Growing Number of Anesthesiologists Abusing Anesthetics
Addiction impacts all walks of life – it impacts men, women, the rich and famous, the poor and unemployed and renowned professionals alike.
Addiction is particularly a problem for professionals with high stress jobs such as airline pilots, lawyers and health care professionals. There are no particular drugs of choice associated with each professional group, but according to a recent study in the Journal of Addiction Medicine, health care professionals are increasingly becoming addicted to Propofol, an anesthesic. This likely has to do just as much with access as it does drug preference as health care professionals have greater access to heavy sedatives.
Propofol is widely used in the procedural sedation of patients in order to prepare them for surgery. It is fast acting and has a fast recovery time. According to the study, “patients awaken feeling refreshed with little anesthetic hangover” after its administration. Many were unaware of Propofol’s abuse potential until it was one of the drugs associated with the death of Michael Jackson in 2009. In fact, over the past 20 years there have been higher incidences of admissions to addiction treatment for propofol abuse than before. The report states that each semi-decade since 1990 has resulted in a 25% increase in those admitted to rehab for Propofol abuse.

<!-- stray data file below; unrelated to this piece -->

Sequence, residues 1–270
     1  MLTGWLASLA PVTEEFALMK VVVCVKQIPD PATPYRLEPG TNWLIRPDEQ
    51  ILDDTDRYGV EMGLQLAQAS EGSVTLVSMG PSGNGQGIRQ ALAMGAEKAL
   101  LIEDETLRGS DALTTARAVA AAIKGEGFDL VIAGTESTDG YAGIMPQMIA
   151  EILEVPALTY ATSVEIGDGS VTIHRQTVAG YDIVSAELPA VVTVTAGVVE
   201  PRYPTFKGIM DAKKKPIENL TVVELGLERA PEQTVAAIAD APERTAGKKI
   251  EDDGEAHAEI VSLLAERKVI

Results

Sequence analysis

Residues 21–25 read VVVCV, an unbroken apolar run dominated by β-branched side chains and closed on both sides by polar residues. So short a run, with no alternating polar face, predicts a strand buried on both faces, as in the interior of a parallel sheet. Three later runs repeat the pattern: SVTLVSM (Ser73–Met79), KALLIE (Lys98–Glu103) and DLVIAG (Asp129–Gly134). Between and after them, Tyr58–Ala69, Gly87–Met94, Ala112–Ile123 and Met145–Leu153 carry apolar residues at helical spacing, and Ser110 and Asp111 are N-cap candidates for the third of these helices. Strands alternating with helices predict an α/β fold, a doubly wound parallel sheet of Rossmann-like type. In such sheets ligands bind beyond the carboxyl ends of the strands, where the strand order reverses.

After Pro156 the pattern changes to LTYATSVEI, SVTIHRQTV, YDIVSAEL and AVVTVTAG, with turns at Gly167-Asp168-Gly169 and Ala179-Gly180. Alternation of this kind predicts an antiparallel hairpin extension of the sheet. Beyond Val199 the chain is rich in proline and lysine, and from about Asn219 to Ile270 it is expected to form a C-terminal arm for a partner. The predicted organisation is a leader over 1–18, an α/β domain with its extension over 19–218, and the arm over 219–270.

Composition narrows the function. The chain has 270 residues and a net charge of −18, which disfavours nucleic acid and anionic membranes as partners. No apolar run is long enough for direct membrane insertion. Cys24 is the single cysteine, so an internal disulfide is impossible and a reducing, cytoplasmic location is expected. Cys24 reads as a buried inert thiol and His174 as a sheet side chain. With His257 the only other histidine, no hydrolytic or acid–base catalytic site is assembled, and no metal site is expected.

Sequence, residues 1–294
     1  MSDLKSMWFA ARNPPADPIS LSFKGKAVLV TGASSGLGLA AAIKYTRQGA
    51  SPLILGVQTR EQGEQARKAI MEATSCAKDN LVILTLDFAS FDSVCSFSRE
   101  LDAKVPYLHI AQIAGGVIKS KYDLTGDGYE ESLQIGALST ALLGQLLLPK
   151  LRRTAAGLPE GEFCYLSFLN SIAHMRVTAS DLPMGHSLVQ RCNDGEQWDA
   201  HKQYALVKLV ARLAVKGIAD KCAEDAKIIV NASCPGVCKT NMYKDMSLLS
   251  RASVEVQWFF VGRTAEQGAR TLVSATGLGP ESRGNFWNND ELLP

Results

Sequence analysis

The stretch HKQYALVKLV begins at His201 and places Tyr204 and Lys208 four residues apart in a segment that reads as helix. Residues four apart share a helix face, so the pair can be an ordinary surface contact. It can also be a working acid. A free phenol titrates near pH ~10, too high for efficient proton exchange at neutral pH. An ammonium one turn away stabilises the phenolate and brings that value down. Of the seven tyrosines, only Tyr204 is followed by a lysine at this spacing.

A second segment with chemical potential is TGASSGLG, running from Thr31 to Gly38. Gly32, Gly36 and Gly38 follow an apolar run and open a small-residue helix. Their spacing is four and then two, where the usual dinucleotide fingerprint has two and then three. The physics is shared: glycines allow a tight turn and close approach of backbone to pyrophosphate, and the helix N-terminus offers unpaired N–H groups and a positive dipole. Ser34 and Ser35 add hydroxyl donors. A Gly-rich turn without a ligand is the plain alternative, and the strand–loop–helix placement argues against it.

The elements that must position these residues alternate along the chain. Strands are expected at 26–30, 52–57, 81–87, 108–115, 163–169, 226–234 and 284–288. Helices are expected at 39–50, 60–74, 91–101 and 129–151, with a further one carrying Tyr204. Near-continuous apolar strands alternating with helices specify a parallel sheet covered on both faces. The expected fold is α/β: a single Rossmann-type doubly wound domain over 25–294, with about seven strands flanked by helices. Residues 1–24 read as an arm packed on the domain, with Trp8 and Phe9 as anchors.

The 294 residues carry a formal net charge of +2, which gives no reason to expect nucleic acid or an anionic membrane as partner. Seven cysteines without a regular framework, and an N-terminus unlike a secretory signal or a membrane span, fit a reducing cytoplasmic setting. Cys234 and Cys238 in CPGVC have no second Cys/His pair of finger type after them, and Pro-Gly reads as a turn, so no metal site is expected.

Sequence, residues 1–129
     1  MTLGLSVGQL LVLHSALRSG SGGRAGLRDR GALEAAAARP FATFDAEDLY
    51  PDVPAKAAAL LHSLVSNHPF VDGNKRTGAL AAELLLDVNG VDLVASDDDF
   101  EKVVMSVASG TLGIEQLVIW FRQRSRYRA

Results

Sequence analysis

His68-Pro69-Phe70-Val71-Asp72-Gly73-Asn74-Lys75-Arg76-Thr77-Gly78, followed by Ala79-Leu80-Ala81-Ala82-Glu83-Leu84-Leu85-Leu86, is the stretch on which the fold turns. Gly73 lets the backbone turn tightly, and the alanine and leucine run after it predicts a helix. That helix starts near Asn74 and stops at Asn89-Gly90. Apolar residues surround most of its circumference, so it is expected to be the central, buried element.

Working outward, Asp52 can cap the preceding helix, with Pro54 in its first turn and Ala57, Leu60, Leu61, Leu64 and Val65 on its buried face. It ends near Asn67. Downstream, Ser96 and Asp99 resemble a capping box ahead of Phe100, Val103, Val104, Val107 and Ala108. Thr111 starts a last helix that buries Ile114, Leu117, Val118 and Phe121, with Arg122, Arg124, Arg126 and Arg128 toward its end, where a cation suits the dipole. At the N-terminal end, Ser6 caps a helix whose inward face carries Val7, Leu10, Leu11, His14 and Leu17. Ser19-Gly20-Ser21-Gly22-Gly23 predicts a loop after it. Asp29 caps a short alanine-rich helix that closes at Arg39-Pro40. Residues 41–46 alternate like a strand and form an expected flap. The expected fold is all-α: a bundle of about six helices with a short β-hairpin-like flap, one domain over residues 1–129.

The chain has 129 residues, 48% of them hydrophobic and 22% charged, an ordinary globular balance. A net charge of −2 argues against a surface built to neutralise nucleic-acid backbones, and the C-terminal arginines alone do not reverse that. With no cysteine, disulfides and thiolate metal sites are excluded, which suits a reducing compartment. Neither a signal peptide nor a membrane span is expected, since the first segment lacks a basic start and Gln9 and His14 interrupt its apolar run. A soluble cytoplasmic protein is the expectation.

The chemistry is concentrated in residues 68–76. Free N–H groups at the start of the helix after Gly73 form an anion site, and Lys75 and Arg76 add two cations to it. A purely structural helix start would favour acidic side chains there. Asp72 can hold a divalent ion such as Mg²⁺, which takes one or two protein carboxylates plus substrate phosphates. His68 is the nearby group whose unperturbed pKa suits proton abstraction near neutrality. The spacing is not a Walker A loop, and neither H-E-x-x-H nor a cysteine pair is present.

Most of those seeking addiction help for Proprofol worked as operating personnel and anesthesia providers and had access to the drug. Not surprisingly, most had a history of depressive disorder, a family history of addiction or a traumatic childhood. Reasons for abusing the drug varied between using it to sleep or to numb emotional pain. Because of the fast acting and strong nature of the drug, 50% of those admitted to treatment had sustained injuries such as car accidents or head injuries from passing out and falling down after injecting themselves with the anesthetic.
The nature of the drug makes it extremely dangerous not only because it knocks people unconscious but also because of its high overdose potential. It is because of this overdose potential that the study suggests that clinicians see their propofol dependence as a “condition best treated by terminating a career.”
This differs from addiction treatment outcomes for impaired professionals such as airlines pilots and lawyers who enter into programs that help them re-establish their career after addiction treatment. But then again, they don’t have careers that require them to be around substances – such as anesthesiologists having to administer their drug of choice daily.
If you are an impaired professional seeking addiction help, our Impaired Professionals Addiction Treatment Program at Synergy Group Services can help. Please contact us today.